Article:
110 W. New York Ave.
DeLand, FL 32720
DeLand's new district designed to lure medical development
By Pat Andrews
posted May 5, 2014 - 2:19:58pm
The City of DeLand has created an 80-acres medical-services district around Florida Hospital DeLand, hoping to lure medical businesses and physicians to set up shop in a village-type atmosphere that will include pocket-sized residential neighborhoods.
The district stretches from a couple of blocks south of West Plymouth Avenue, north to the U.S. Highway 92 west extension, between Boundary and Adelle avenues. A small stretch of land along Lake Gertie Road to the east is also included.
There, physicians and other medical professionals will find easy development, with zoning and land use already in place. DeLand hopes this will help bring good-paying jobs to the area.
The idea of the medical-services district came about as DeLand revised its land-development regulations, Senior Planner Blanche Hardy said.
The existing plan was 20 years old, with many hodgepodge revisions. The City Commission approved starting from scratch, to create an attractive area for medical development. The coming DeLand SunRail station, expected to open in 2016 when commuter rail is extended north from DeBary, was also considered.
"We were told to ‘brand your station,’" Hardy said.
One of the SunRail stops in Orlando is at a large Florida Hospital complex. The DeLand medical-services district could be complementary, allowing professionals to commute back and forth on the rails, and others to live a walk or golf-cart drive away from DeLand facilities.
Residential development will consist of eight-to-12 clustered single-family cottages, bungalows, townhomes or similar house, that will allow small, fenced front yards, with front porches looking onto shared green space for community gardens, barbecues and picnics.
The homes are designed to appeal to young professionals working in health care or retirees who want to be near medical attention. Residents will use shared driveways and parking areas. Bicycle lanes and pedestrian walkways will be included.
As for the commercial areas, old, 1960s-style buildings surrounded by acres of parking will not be allowed, Hardy said. Instead, the development rules call for attractive buildings with parking on the sides and backs, screened by vegetation, and plenty of green and courtyard areas.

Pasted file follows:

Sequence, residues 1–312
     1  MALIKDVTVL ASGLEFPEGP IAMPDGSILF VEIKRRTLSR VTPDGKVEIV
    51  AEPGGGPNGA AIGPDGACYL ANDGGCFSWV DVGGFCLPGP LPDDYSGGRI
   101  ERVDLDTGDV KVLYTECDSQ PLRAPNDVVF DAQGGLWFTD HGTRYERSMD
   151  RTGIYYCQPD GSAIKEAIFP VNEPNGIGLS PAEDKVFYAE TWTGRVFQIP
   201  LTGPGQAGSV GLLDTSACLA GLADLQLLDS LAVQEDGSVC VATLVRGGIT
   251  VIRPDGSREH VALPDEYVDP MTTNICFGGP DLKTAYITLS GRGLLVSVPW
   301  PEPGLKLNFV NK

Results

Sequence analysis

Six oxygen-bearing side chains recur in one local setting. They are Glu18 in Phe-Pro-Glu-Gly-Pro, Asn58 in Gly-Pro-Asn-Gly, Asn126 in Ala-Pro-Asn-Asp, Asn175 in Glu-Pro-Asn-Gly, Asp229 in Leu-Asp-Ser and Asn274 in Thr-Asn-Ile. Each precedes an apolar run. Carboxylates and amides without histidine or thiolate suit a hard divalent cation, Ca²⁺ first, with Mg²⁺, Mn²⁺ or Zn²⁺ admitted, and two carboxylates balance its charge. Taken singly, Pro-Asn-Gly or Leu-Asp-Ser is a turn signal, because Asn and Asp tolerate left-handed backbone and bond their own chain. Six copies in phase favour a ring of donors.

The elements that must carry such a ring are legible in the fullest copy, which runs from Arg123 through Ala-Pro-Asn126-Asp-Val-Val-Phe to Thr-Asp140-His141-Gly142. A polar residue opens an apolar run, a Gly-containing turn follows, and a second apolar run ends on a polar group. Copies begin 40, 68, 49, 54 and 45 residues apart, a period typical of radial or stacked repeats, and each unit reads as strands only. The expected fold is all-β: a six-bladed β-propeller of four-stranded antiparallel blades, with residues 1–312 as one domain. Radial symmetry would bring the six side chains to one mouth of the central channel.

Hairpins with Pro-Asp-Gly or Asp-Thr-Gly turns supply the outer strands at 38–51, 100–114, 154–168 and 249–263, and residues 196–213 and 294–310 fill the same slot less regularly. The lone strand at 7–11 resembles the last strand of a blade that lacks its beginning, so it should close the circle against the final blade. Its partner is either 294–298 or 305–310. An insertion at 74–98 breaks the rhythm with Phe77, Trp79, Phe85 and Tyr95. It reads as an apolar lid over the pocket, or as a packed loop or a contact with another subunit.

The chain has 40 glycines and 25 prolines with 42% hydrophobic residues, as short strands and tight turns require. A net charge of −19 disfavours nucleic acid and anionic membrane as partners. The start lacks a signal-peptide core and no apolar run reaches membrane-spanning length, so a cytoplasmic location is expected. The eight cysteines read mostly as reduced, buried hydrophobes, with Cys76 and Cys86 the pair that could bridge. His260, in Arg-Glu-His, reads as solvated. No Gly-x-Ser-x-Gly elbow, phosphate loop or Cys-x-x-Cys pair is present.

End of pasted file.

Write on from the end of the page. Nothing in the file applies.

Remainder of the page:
Parking lots will be interconnected, to keep traffic off the main road. Traffic will be limited to 15 mph to promote walking, biking and golf-cart use.
The minimum medical-development size is 6 acres. Of that, 5 acres must be used for primary or medical-support services. The rest can be used for coffee shops, restaurants pharmacies, fitness facilities and the like. Assisted-living and nursing-care facilities will be encouraged, as well.
The district is designed with a zoning “overlay” that had to be approved by the state. With the overlay, developers won't have to go through the usual 18 to 24 months required for rezoning and comprehensive land-use changes before they can start building, Hardy said. They can just bring their plans to the city for approval.
Several sewerage lift stations and water mains already exist n the development area and can be tapped into as properties are developed,Utilities Director Jim Ailes and City Engineer Keith Riger said.
While the overlay is designed to be medical-development friendly, no variances from the specified rules will be allowed. And property owners within the area aren't bound by the rules of the overlay — they can keep their current zoning, Hardy said.
DeLand Economic Development Manager Steve Burley said the city is getting the overlay district rolling and will provide support for developing the district as envisioned.
He, Hardy and other city officials met with Florida Hospital DeLand CEO Timothy Cook, who immediately saw the benefit for the hospital, Burley said, and gave the city a letter of endorsement.
Burley, Cook and the others met with Bryant Skinner and Sheila Scarlett, who own the largest chunks of property in the district. Both were enthusiastic, Burley said.
Scarlett, who owns residential and other property in the district, said she is "thrilled." Her late husband donated the property on which DeLand’s hospital was built, and she retains the adjoining land.
Burley gave credit to Senior Planner Hardy for the “brilliant“ design.
"I don't think there's anything like this in the Southeast," he said.
He expressed confidence that the district will entice the development DeLand wants, and said he has met with Team Volusia and other development groups to put the word out.
Burley said its up to these groups to market the overlay district and its easy development process.
"There's a lot of beautiful property out there, with a lot of trees and rolling hills," he said.
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